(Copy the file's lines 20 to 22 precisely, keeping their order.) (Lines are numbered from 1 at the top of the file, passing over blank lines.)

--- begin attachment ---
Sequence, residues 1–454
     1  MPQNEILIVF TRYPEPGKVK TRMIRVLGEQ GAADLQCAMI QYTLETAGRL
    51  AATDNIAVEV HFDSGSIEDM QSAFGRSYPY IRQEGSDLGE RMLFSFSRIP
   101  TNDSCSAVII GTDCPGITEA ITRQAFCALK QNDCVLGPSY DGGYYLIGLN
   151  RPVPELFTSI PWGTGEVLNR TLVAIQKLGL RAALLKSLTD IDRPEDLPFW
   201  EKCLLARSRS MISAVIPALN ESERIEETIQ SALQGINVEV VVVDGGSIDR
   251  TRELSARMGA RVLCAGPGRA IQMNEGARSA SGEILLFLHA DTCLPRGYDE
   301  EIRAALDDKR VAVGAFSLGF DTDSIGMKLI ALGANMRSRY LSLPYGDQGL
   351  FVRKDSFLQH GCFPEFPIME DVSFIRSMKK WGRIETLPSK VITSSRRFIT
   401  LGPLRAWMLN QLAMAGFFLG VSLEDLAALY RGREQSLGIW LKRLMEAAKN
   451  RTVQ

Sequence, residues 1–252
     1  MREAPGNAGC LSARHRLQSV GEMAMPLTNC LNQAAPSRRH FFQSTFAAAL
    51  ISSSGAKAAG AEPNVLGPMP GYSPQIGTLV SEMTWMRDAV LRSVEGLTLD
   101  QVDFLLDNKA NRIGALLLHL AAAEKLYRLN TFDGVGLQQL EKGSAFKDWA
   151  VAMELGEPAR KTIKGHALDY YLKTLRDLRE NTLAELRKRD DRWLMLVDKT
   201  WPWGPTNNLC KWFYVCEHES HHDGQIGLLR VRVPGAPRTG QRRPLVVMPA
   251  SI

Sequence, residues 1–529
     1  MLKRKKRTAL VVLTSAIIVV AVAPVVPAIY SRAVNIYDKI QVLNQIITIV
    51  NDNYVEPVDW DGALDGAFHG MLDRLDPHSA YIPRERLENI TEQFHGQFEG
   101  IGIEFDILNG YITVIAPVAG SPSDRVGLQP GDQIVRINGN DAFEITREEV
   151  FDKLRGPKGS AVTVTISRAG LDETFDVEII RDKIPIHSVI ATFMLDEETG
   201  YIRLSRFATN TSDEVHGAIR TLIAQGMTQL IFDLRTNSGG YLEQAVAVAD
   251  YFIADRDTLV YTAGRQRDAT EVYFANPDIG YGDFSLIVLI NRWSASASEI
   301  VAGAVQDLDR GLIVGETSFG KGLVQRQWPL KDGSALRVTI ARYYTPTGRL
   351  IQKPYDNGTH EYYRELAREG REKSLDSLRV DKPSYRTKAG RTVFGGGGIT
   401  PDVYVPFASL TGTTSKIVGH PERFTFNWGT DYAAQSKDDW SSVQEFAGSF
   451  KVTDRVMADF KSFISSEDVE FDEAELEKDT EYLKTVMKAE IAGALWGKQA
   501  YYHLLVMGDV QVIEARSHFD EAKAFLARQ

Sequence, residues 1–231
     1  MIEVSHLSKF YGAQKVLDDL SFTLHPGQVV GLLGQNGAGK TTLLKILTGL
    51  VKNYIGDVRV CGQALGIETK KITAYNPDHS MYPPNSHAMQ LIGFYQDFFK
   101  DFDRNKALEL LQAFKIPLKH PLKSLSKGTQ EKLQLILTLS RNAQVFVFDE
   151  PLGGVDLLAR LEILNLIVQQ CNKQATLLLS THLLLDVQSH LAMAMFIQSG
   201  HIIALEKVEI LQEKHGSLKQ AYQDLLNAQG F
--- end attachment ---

     1  MLKRKKRTAL VVLTSAIIVV AVAPVVPAIY SRAVNIYDKI QVLNQIITIV
    51  NDNYVEPVDW DGALDGAFHG MLDRLDPHSA YIPRERLENI TEQFHGQFEG
   101  IGIEFDILNG YITVIAPVAG SPSDRVGLQP GDQIVRINGN DAFEITREEV